The Liminal Veil
The Old Pali is spread liminally
throughout the pages
of some great mystery.
Like a cave comes the curve of the next corner.
The drive of curiosity,
the momentum, the velocity
of feet, wheels and thoughts
careening to a motion of their own.
Pulled into wind-blown trees
to greet the unseen,
to embrace this draw,
the magnetic motioning claw of the unknown.
Down its throat you’ll go alone,
with raised skin
with a sensation
that cannot be confined
to the comfortable coffins of reason.
Expanding belief, this brief revealing,
another bend, another curve,
the suggestion of a fantastic swerve
through the imagination.
There’s a collective remorse that spews forth from the Pali,
the aftermath of a skewed course
witnessed in the charred remains
pinned to the trunks of trees.
The paranormal silhouette of shadows
and banyans that strangle out the sunlight,
dripping dappled on the two-lane.
Leaves and ash are dragged by passing cars,
slowing to take in the crash,
gasps the wreckage attracts
to leave tire marks in muddy cul-de sacs
and flowering mementos on makeshift altars.
There’s quiet echoes of something whispering
“Cover me in blacktop, bone and blood”
on the backs of leaves and the bark of trees.
It is full of scars,
the headlights of mangled cars
as it twists into the dark heart of the island,
layered with violence and trauma.
It is here on the Old Pali,
left between night and morning,
that hairpin turns
plunge into oblivion with no warning.
More than simply a road,
there is something left of the jungle
and the invading arbor
as roots and massive trees
break the concrete.
Much relates to the briefly seen,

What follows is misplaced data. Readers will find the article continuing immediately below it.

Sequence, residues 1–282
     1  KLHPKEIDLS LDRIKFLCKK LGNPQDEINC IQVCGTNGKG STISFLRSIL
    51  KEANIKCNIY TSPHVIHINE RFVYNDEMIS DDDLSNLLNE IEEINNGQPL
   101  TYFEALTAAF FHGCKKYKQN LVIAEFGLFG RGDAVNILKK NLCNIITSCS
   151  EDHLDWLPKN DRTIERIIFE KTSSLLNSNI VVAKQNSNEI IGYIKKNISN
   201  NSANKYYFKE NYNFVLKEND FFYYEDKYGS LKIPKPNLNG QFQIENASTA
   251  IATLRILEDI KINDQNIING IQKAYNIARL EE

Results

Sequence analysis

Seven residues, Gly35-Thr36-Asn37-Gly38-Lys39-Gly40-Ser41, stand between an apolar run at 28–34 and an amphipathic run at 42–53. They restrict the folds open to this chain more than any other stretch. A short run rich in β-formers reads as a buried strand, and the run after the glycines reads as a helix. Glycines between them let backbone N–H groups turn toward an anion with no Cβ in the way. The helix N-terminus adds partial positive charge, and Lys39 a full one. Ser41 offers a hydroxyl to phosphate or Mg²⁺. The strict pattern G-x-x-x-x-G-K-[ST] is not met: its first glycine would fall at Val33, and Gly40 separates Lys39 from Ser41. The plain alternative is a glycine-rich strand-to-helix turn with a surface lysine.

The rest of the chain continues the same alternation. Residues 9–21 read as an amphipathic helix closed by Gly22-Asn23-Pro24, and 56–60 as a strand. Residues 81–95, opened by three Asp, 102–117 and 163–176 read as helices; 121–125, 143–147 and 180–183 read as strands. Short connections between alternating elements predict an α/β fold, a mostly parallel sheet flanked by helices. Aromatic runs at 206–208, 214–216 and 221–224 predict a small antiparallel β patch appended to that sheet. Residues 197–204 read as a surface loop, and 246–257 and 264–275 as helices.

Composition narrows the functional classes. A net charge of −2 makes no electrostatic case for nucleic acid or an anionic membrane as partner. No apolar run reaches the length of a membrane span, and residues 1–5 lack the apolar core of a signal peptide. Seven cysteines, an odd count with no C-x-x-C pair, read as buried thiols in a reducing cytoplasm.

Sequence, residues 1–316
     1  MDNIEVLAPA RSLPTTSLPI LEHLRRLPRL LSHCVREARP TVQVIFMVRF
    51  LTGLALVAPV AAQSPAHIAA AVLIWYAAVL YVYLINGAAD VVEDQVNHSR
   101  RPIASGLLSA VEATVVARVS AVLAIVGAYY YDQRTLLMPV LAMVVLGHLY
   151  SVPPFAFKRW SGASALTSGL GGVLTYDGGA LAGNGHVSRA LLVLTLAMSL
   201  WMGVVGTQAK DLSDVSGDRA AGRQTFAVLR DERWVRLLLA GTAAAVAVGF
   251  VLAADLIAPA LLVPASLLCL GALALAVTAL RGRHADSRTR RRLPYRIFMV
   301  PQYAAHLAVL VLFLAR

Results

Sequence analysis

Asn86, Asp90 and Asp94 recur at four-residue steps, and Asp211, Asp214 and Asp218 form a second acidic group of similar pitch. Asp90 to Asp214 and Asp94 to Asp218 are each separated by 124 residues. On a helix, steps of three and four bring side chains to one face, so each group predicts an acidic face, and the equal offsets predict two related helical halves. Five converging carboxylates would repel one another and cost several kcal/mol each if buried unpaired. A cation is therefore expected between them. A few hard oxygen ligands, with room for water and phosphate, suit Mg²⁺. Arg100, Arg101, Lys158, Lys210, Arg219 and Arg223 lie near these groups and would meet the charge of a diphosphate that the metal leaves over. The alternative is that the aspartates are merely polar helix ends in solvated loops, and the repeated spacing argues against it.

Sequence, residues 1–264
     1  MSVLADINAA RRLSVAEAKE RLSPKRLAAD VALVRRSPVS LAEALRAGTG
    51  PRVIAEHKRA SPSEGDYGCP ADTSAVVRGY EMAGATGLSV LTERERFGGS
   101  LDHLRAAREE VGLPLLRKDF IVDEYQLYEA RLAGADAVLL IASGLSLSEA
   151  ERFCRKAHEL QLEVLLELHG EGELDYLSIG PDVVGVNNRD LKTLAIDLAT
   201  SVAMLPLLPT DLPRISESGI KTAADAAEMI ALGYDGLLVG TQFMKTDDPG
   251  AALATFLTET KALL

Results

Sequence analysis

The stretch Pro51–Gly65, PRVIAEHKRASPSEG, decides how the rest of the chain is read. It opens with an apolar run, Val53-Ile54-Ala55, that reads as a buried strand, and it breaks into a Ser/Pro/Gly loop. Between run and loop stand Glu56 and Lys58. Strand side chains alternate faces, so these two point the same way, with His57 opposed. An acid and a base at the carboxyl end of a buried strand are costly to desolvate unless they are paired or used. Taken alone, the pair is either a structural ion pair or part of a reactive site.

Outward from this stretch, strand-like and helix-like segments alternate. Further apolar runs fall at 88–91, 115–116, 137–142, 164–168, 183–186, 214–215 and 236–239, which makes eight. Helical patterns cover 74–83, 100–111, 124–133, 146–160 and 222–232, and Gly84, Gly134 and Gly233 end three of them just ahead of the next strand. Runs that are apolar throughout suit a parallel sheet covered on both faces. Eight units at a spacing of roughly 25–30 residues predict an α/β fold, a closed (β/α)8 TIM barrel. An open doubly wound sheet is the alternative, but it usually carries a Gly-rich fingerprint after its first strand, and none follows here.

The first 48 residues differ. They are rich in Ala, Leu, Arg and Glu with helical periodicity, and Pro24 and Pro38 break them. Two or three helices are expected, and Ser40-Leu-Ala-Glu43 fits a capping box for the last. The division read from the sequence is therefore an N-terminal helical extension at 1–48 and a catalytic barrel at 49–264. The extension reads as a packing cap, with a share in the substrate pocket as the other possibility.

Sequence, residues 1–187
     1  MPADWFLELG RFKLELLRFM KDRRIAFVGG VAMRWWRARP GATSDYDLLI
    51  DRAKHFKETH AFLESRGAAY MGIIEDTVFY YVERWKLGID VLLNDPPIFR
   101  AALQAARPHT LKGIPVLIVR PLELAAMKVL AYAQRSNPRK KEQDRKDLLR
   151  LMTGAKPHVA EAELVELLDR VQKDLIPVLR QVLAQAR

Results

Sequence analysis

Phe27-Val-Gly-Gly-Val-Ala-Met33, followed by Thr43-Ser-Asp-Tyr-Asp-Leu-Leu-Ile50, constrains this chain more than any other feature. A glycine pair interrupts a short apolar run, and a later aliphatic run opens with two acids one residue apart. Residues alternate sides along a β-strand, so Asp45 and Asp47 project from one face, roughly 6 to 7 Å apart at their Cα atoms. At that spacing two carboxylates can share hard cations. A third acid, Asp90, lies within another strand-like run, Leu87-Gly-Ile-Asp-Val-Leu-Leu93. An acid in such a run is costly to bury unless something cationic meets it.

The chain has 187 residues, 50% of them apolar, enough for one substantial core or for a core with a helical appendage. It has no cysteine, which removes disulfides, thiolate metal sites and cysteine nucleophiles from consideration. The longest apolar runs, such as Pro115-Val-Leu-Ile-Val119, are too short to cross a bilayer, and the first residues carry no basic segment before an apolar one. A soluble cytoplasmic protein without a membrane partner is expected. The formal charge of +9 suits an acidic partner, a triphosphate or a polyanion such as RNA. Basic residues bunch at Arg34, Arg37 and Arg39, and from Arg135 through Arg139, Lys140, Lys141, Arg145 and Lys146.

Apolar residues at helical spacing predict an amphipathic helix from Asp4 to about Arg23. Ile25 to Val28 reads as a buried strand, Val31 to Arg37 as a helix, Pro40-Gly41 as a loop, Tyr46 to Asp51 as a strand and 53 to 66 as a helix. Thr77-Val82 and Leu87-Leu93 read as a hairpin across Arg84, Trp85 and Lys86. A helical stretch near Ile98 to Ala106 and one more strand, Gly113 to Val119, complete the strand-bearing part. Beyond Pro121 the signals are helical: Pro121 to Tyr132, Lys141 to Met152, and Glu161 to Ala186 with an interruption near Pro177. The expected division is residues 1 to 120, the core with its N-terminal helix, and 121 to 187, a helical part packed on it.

running riot in the corners of the eyes,
in rear view mirrors the overhanging vines
lingering in light shafts
that illuminate the blacktop
contrast with cool shadows.
The smell of rain and cracked seed,
sticking to dense barriers of green.
The sound of a stream running somewhere underneath.
The scrape of leaves,
vagrant and small,
led down a wind-blown hall
that speaks of an immeasurable crack
in the high peaks
perceived through breaks in the canopy.
The Old Pali holds all of this mystery.
There’s a fragile wall that withstands the wild.
Along this hairpin border,
civilization loosens its grip year after year.
There’s a veil between the imagination and the material,
like a match against the blackness of midnight
and the heaviness that crowds in from all sides.
The lips of the road foaming
at the corners of its mouth after the rain.
The walls are forming letters,
like messages from the dead,
scrawled in moss.
The ominous presence of giant trees
embrace the huddled shapes underneath.
Tears running down trunks
as if the forest was weeping.
Hung up in mist, there’s an infinite sadness
that manifests itself to the sensitive
passing along the road that sorrow built,
passing beneath those peaks and misted quilt,
which is a doorway to the spirit world.